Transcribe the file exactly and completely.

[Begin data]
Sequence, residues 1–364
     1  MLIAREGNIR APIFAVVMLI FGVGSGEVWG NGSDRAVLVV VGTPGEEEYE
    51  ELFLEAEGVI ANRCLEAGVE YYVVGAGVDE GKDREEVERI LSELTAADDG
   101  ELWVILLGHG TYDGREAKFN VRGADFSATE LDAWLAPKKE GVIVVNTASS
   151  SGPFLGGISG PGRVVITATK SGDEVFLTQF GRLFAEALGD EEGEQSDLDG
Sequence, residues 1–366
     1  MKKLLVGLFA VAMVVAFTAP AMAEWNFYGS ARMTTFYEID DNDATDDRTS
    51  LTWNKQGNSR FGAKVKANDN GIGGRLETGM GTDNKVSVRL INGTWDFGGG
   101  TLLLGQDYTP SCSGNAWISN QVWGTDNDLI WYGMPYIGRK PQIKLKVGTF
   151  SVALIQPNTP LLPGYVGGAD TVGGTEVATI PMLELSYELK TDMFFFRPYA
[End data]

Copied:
Sequence, residues 1–364
     1  MLIAREGNIR APIFAVVMLI FGVGSGEVWG NGSDRAVLVV VGTPGEEEYE
    51  ELFLEAEGVI ANRCLEAGVE YYVVGAGVDE GKDREEVERI LSELTAADDG
   101  ELWVILLGHG TYDGREAKFN VRGADFSATE LDAWLAPKKE GVIVVNTASS
   151  SGPFLGGISG PGRVVITATK SGDEVFLTQF GRLFAEALGD EEGEQSDLDG
Sequence, residues 1–366
     1  MKKLLVGLFA VAMVVAFTAP AMAEWNFYGS ARMTTFYEID DNDATDDRTS
    51  LTWNKQGNSR FGAKVKANDN GIGGRLETGM GTDNKVSVRL INGTWDFGGG
   101  TLLLGQDYTP SCSGNAWISN QVWGTDNDLI WYGMPYIGRK PQIKLKVGTF
   151  SVALIQPNTP LLPGYVGGAD TVGGTEVATI PMLELSYELK TDMFFFRPYA